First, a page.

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When my thermostat reaches the desired temperature, the furnace fan shuts off briefly, then cycles on and off a few times. Several internet posts pointed me to the limit switch, which seems to make sense, so I replaced it. The new switch exhibits the same problem, so I'm not sure whether I got a bad switch or there's something else going on. Is there a way to test the limit switch to rule that out? If so, where do I look next? There seems to be a resistor inline with one of the limit switch leads, but I don't know what it's rated at.

The furnace is a 25-year-old Carrier. The model number and serial number are illegible, and I don't have a manual for it.

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Scary. I would be scared the fan was going on because there was still heat that needed to dissipate and it's cycling on and off because it cools to the right temp and then heats back up and then the fan pops on again to cool it down. –  tooshel Mar 1 '11 at 23:25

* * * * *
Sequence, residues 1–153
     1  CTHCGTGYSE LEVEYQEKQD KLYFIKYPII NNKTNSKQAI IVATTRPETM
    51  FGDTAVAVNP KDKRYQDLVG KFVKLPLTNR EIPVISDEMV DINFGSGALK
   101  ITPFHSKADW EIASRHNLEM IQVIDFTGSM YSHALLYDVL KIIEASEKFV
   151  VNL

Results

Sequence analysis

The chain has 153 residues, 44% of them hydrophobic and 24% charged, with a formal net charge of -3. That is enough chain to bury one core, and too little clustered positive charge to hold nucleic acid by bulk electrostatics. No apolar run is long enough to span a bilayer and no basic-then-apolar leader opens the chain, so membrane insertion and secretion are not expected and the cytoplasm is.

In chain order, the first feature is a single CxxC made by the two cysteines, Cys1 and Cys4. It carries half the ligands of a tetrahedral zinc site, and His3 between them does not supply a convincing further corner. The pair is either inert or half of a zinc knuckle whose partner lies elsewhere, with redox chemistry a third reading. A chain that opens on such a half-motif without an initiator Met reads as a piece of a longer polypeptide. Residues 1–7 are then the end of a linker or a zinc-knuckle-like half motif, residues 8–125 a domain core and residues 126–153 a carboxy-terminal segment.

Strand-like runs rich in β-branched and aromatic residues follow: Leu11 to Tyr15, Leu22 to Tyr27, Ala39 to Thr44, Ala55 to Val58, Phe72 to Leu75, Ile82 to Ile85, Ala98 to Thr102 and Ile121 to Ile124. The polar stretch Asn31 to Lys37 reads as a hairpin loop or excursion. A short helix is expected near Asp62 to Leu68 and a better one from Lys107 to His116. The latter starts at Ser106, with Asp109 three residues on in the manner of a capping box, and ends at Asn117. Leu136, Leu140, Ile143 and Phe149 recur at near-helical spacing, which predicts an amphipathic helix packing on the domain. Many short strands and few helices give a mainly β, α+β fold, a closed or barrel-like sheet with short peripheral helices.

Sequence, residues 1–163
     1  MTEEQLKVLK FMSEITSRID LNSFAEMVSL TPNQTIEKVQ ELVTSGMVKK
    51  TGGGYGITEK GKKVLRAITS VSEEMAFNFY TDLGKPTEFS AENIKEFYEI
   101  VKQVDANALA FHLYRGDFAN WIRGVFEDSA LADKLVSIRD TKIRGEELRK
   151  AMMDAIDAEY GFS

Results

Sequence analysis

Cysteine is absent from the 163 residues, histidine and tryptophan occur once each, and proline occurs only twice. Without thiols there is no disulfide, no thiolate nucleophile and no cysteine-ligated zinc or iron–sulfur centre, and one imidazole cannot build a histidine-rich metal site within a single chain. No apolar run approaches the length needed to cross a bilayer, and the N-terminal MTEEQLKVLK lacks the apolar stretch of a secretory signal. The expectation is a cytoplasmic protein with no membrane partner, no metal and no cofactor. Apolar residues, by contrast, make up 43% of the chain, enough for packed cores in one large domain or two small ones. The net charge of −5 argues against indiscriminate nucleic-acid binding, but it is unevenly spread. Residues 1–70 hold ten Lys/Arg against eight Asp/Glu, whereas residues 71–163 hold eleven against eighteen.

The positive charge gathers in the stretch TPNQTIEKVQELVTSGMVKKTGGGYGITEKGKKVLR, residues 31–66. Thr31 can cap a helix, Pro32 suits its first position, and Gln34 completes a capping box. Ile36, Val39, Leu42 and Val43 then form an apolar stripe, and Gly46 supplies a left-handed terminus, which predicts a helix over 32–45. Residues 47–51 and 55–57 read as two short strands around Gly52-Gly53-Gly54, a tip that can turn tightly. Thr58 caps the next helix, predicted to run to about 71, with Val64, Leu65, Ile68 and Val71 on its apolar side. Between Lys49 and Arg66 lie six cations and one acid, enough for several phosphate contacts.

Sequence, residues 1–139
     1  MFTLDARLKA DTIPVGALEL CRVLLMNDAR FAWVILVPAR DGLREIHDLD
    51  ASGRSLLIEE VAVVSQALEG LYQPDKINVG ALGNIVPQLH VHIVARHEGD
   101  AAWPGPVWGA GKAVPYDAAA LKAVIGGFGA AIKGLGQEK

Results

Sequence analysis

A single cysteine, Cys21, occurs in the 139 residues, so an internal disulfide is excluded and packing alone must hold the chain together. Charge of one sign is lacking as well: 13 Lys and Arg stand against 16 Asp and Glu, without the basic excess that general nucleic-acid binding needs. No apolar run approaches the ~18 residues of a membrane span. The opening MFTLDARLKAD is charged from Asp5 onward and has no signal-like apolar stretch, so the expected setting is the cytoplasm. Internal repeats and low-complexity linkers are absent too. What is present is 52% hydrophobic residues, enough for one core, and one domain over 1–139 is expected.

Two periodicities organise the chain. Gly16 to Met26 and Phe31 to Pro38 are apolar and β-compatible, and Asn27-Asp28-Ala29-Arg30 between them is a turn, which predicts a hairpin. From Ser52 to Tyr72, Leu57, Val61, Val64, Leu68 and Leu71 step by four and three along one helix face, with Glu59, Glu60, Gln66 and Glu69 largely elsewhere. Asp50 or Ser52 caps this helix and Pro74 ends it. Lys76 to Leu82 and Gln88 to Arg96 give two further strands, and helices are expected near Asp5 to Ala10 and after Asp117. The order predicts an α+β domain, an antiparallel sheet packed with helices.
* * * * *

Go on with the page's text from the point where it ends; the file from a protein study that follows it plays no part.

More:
Is the limit switch adjustable? –  Tester101 Mar 2 '11 at 12:53
No, there's no adjustment on the limit switch. This is the switch I installed: shortyshvac.com/… –  chrispix Mar 2 '11 at 20:46

1 Answer 1

up vote 1 down vote accepted

grab a multimeter and figure out what the normal operation of the switch is. it's probably 12 or 24 vdc. leave the multimeter hooked up and watch it while the system is off, operating normally, and experiencing the problem. the resistor is probably a supervision resistor, so there are at least 3 possible outputs from the switch: open, resistor load, closed/short.

you can then decide the best way to diagnose the problem.

once you know how it should be operating, you can, for example, remove the switch and short or open or use the resistor to trick the furnace in to thinking it is still hot and the fan needs to keep running. if the fan doesn't run properly, then you know the problem is not the limit switch.

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Thanks longneck, I'll try that this weekend. –  chrispix Mar 3 '11 at 18:26

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